Cassini Significant Event Report
For Week Ending 12/06/02
The most recent spacecraft telemetry was acquired from the Goldstone tracking station on Wednesday, December 4. The Cassini spacecraft is in an excellent state of health and is operating normally. Information on the spacecraft's position and speed can be viewed on the "Present Position" web page.
The C34 sequence concluded this week with the completion of the Probe Relay Test #5, uplink of the C35
background sequence, Radio and Plasma Wave (RPWS) Science High Frequency Receiver calibrations and
high rate cyclics, a Reaction Wheel Assembly (RWA) slow-speed readout, clearing of the ACS high-water
marks, and an autonomous Solid State Recorder Memory Load Partition repair.
The Probe Relay Test was considered to be a limited success. All transmissions to the spacecraft were
received and processed properly, but problems at the DSN station prevented all test objectives from being fully
The C35 background sequence began execution on Saturday, 30 November. Initial spacecraft activities
included a number of RWA activities including transition from Reaction Control Subsystem to RWA control, an
RWA unload, a slow speed readout, and an exercise of RWA #4. Engine Gimbal Actuator and Backup ALF
Injection Loader maintenance were also performed.
Instrument activities included uplink of the RPWS looper program, a Visual and Infrared Mapping
Spectrometer and Ultraviolet Imaging Spectrograph solar port observation, exercising of the Magnetospheric
Imaging Instrument (MIMI) Low Energy Magnetospheric Measurement Subsystem motor, restoration of the
MIMI Ion and Neutral Camera HV levels, a Cosmic Dust Analyzer high rate detector calibration, and a
number of Radio Science Subsystem activities.
During the final pass before the end of C34 and the beginning of C35, Cassini Plasma Spectrometer (CAPS)
had a channel go into alarm for low temperature. Subsequent analysis determined that the commands to bring
CAPS out of sleep after the Probe test were built incorrectly. An Immediate/Delayed Action Program was
built and sent to the instrument to stop the actuator, reset it, and set the RAM to zero. After uplink the CAPS
team reported that the transition sequence was triggered and successfully re-configured the instrument. CAPS
is now running in a fully configured and nominal state.
The Cassini Program hosted a week of Huygens meetings at JPL. Events included the Huygens Descent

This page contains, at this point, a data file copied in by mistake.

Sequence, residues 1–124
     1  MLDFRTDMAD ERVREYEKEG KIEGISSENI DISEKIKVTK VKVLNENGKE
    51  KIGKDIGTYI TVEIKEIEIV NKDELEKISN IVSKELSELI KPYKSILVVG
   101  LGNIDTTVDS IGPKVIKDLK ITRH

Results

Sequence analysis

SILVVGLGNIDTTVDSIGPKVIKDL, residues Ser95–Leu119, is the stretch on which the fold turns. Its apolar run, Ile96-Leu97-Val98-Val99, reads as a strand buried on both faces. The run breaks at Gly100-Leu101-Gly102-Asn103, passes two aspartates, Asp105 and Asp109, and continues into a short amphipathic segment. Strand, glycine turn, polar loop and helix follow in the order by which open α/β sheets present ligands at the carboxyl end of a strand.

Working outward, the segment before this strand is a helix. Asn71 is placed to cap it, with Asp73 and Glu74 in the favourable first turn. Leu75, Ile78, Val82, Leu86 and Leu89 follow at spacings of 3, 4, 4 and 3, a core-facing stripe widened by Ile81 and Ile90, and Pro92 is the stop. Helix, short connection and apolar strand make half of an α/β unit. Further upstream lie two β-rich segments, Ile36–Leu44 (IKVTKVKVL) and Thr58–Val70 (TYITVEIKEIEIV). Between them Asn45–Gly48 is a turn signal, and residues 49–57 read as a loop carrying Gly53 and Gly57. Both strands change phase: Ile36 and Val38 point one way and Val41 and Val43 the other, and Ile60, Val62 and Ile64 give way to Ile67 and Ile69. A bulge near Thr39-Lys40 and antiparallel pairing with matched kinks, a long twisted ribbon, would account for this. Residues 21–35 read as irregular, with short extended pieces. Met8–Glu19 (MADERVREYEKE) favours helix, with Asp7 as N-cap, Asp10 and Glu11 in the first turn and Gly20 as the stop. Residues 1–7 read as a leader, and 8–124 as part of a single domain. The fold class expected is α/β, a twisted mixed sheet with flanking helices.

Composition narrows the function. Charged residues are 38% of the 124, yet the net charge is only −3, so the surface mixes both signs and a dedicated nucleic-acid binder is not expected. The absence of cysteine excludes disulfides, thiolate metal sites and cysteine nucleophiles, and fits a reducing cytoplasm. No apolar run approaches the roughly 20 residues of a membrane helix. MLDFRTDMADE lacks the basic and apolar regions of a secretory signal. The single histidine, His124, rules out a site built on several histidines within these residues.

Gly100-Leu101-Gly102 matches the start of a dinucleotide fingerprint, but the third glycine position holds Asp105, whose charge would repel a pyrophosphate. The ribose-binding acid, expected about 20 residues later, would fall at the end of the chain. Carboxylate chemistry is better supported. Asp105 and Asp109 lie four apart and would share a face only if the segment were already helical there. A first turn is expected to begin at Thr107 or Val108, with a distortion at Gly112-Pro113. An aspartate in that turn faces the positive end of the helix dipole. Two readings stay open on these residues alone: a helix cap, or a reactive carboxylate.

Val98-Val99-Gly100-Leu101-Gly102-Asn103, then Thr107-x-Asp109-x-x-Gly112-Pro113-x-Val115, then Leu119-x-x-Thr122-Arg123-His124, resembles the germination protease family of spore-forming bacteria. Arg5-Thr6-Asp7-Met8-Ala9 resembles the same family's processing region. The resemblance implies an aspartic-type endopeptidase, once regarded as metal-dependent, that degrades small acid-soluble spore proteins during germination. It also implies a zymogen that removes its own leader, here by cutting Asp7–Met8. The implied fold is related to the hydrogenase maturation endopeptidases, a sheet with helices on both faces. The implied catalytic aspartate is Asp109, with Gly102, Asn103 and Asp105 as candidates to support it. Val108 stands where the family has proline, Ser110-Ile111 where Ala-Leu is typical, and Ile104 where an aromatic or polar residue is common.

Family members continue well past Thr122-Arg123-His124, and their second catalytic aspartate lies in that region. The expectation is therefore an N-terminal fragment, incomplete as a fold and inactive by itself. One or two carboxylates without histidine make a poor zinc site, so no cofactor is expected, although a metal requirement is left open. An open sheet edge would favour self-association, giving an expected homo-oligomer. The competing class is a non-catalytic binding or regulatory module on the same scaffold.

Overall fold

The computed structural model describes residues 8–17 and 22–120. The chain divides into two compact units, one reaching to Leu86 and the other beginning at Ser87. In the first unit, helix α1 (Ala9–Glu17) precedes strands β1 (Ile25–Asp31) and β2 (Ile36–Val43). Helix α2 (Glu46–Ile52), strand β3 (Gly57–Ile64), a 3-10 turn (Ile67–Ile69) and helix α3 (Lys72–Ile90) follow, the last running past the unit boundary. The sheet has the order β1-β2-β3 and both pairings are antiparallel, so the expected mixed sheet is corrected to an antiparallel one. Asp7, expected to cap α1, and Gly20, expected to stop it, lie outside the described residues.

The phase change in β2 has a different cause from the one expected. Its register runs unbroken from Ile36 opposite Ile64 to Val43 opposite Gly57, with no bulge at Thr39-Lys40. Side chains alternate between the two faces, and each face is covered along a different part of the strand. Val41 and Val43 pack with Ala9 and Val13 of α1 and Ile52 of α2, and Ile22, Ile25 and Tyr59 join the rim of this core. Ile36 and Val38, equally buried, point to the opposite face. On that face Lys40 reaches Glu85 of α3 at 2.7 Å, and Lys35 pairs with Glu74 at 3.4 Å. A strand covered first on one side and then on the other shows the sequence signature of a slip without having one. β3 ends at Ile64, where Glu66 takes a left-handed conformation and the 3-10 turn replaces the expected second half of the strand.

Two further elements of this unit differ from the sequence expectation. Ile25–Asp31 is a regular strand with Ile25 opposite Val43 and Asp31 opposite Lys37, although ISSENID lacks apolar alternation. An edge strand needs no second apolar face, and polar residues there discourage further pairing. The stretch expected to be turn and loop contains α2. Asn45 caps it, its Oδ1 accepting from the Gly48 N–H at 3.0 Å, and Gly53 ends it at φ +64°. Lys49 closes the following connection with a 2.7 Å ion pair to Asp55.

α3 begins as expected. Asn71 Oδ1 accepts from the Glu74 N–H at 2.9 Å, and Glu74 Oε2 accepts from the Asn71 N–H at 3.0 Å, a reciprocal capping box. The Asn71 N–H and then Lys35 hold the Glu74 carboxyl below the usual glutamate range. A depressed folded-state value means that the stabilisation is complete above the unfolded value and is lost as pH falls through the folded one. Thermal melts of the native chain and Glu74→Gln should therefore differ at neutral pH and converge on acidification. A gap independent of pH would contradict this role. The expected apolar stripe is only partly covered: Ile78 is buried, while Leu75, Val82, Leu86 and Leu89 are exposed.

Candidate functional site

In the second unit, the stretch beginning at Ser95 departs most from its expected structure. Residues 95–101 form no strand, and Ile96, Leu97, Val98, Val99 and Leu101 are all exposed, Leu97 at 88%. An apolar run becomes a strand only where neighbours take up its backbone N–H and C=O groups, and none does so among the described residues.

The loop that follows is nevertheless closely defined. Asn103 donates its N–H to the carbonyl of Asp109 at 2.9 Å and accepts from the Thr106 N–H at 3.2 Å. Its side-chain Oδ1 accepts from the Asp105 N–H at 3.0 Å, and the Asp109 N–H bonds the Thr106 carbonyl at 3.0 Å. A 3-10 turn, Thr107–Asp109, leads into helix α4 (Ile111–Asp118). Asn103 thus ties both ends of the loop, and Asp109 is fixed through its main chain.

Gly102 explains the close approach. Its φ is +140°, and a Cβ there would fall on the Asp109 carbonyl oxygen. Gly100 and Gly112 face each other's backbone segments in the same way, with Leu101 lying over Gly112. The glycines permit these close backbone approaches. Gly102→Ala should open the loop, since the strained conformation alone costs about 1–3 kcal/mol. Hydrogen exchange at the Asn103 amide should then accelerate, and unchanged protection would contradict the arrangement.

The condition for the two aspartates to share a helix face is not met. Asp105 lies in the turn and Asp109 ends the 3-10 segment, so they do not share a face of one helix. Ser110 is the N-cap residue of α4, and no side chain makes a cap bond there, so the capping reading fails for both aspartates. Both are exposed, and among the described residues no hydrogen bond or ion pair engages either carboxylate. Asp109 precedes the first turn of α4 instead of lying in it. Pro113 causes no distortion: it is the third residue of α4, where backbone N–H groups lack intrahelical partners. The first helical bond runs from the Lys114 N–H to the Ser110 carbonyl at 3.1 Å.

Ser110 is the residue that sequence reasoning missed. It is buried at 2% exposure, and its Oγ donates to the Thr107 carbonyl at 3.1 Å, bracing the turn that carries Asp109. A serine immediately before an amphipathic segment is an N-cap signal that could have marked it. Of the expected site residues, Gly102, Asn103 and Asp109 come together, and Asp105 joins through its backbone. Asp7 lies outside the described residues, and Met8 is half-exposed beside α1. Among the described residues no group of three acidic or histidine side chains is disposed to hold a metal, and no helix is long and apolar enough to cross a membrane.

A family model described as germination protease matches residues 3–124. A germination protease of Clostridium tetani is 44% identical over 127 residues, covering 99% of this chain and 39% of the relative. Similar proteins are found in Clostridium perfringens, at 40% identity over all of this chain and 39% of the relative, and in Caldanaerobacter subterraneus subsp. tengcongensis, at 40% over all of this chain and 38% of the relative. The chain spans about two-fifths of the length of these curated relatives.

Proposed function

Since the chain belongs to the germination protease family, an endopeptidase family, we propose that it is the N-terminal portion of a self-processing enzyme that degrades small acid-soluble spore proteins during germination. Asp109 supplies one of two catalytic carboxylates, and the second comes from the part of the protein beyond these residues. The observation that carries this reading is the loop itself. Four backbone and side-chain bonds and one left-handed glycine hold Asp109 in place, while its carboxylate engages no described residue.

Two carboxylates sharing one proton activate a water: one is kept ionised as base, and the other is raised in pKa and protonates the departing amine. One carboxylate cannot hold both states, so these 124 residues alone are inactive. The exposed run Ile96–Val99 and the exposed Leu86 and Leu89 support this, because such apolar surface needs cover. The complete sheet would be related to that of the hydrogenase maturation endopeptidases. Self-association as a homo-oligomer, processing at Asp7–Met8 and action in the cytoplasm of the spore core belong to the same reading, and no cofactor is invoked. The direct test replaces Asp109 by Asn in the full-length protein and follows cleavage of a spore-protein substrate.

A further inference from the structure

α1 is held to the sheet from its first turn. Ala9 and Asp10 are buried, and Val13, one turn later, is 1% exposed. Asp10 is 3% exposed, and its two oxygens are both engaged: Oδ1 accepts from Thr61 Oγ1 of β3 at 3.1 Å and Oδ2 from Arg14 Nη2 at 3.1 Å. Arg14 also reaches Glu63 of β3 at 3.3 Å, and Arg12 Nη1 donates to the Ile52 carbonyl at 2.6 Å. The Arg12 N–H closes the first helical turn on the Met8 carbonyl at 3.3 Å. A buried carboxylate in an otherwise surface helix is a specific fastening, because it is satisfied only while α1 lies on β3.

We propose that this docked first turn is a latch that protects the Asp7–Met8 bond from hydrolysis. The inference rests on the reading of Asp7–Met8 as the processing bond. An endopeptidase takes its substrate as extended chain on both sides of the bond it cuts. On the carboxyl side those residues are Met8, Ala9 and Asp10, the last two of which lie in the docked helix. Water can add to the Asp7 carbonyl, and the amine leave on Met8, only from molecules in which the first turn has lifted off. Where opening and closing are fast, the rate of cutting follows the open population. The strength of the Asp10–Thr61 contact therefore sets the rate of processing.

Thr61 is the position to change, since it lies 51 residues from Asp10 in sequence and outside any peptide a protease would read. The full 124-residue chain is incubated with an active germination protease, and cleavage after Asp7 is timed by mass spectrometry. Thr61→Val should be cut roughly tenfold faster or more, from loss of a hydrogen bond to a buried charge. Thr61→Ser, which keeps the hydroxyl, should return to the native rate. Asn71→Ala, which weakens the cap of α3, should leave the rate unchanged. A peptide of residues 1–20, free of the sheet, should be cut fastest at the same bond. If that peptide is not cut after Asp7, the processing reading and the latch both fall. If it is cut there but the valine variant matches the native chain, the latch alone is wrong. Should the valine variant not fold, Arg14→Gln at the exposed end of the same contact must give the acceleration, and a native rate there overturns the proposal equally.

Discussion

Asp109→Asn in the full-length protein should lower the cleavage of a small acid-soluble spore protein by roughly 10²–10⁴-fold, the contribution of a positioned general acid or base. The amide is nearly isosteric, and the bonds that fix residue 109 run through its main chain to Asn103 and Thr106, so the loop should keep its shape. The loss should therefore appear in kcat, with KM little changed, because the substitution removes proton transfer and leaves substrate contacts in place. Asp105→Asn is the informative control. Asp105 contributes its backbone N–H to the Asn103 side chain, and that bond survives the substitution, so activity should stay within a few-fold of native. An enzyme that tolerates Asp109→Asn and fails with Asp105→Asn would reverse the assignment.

Trajectory Working Group meeting, a Probe Checkout #10 Review, and a Quarterly Progress meeting. Some
of the topics discussed included activities status, entry angle issues, mission timeline and schedules, and
navigation and pre-heating implementation studies.
Rescheduling of the SIRTF launch to mid April '03 has removed potential conflicts with DSN coverage for the
Cassini ACS/CDS flight software checkout in C36. DSN schedule impacts in C37 are unknown. Mission
Planning will track DSN coverage for that time frame as Trajectory Correction Maneuver 19 is scheduled to
occur on May 1. Additionally, some Cassini trained ACE personnel with SIRTF may now be available to
support tracks for the Gravitational Wave Experiment.
An engineering prototype version of the electronic command request form (eCRF) v1 was released this week.
The system will be used in parallel with Cassini's existing process. Full conversion to eCRF will occur in late
Mission Assurance and European Space Agency (ESA) Risk Management personnel met this week to discuss
the Risk Management process/philosophy on Cassini, and determine how best to work the ESA/Huygens
Probe portion of the process. Probe Mission risks currently identified in the Cassini Significant Risk List clearly indicate a very orbiter-centric view. This was the first of several meetings to be conducted in the coming months in an effort to effectively capture and document risks from an ESA/Huygens Probe perspective.
Additional information about Cassini-Huygens is online at http://saturn.jpl.nasa.gov.
Cassini will begin orbiting Saturn on July 1, 2004, and release its piggybacked Huygens probe about six months later for descent through the thick atmosphere of the moon Titan. Cassini is a cooperative mission of NASA, the European Space Agency and the Italian Space Agency. JPL, a division of the California Institute of Technology in Pasadena, manages the mission for NASA's Office of Space Science, Washington, D.C.